council was asked to rubberstamp russia's use of force my guesses the spoke to place after the russian air force in syria received its marching orders. the head of the presidential administration said our goal was exclusively islamic state. the next day they said islamic state and extremists extremist is a really broad word when used in russia. if you take part in a peaceful demonstration in moscow and all that he ukraine flag you could be charged with extremism. on thursday in new york foreign minister lovegrove made an interesting comment that it fit looks like a terrorist, ask like a terrorist, walks like a like a terrorist, fights like a terrorist, it's a terrorist. based on what we have seen the last six days the russians are not dropping many bombs. they are basically conducting military activities designed to support the regime and
targeting a lot of groups, including those we would consider relatively moderate opposition. i would amend what he said. russian policy, if it looks like a terrorist, ask like a terrorist, walks like a terrorist, or if we choose to bomb it is a terrorist by definition. i think that will be a problem. we're going after different things, very different objectives which will make it complicated. one last thing, specific implication the united states on the west impose no-fly zones over syria. that option has become difficult but not impossibly difficult. being prepared to shoot down an aircraft. that's one thing. shooting down russian airplanes will be something different.
>> thank you very much.much. we can come back to syria in just a moment or anything else you wish. i have one question for steve before we do that and then we will go straight to all of you. before my one question, let me add a clarifying comment. you heard cliff refer to the possibility of russia spending a hundred and 50 billion a year on military rather than 50 billion, being too relatively extreme choices along the spectrum. steve talking about a porcupine russia, or a muscular russia. to map map these things because we're throwing a number of terms that you, steve his, steve is currently going along with what we have an article. of course that corresponds more to this $50 billion a year entity in terms of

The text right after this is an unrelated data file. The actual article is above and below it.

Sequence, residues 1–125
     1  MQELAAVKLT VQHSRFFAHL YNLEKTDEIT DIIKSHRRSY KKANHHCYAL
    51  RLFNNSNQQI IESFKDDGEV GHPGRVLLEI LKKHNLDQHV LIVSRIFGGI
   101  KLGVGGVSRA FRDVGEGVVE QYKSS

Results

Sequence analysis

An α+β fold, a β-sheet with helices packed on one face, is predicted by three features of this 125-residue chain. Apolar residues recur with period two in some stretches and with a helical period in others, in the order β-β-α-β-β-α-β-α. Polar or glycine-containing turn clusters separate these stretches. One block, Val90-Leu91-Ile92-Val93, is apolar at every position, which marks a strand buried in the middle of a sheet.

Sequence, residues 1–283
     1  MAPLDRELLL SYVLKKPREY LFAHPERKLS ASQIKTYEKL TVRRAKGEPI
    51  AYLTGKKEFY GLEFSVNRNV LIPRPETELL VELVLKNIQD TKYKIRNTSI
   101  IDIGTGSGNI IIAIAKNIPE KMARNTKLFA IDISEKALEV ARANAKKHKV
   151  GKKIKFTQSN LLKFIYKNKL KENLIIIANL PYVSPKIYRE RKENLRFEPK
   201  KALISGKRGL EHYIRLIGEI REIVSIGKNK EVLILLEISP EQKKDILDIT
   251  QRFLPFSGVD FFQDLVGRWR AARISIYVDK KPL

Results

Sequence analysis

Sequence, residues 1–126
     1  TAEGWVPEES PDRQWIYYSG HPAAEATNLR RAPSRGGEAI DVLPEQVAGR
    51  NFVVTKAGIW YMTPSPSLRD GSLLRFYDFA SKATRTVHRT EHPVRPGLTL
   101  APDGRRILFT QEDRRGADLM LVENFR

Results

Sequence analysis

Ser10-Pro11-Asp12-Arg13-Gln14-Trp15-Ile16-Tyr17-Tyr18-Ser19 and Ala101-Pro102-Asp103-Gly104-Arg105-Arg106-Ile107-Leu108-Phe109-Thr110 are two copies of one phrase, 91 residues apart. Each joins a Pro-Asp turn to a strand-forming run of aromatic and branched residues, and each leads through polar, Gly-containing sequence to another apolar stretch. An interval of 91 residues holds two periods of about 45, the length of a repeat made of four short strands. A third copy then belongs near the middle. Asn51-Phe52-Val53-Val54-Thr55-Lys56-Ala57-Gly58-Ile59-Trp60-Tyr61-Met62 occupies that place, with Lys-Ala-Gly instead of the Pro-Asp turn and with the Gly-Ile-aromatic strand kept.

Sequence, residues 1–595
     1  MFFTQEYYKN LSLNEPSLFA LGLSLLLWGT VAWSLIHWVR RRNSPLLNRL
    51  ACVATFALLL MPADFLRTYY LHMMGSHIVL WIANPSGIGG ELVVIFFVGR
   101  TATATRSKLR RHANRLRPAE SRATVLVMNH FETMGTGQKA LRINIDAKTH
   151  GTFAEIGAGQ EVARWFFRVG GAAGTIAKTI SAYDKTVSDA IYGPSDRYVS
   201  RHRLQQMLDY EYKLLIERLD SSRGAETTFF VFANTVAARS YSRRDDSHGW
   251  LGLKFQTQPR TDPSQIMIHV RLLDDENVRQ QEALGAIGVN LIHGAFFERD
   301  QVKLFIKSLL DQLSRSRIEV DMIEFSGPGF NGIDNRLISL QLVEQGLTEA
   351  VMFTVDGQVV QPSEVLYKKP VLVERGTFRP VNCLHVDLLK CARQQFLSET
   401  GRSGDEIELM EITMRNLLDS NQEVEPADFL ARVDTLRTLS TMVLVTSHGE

russia's military. russia essentially spends about as much as a large european nations each spend on their military. hundred $50 billion a year russian military budget by contrast is, of course, the muscular russia, the one that puts russia clearly into the number three spot, the clear bronze medals but internationally in terms of its overall military budget and either way it's going to stay tied for the gold medal that will be the aspiration in terms of nuclear forces. they would be presumably still less than china's budget. so this would allow russia to continue to his tell the world the story about being the great eurasian lab. i just wanted to tie some of those pieces together. my question for you going back to be seized russia. in the article, and other
people have made similar kind of arguments, there are two more dangerous russia's are spectrum. one of them is the greater russia where prudent or a future leader could aspire to control most of the world today. this will include parts of latvia and estonia, parts of the sensors general public. that's a pretty dangerous russia. then there's the bishop in russia which is any former soviet brother should be brought back. >> is a little play. he may try to annex or create frozen conflict. >> it's a really good question.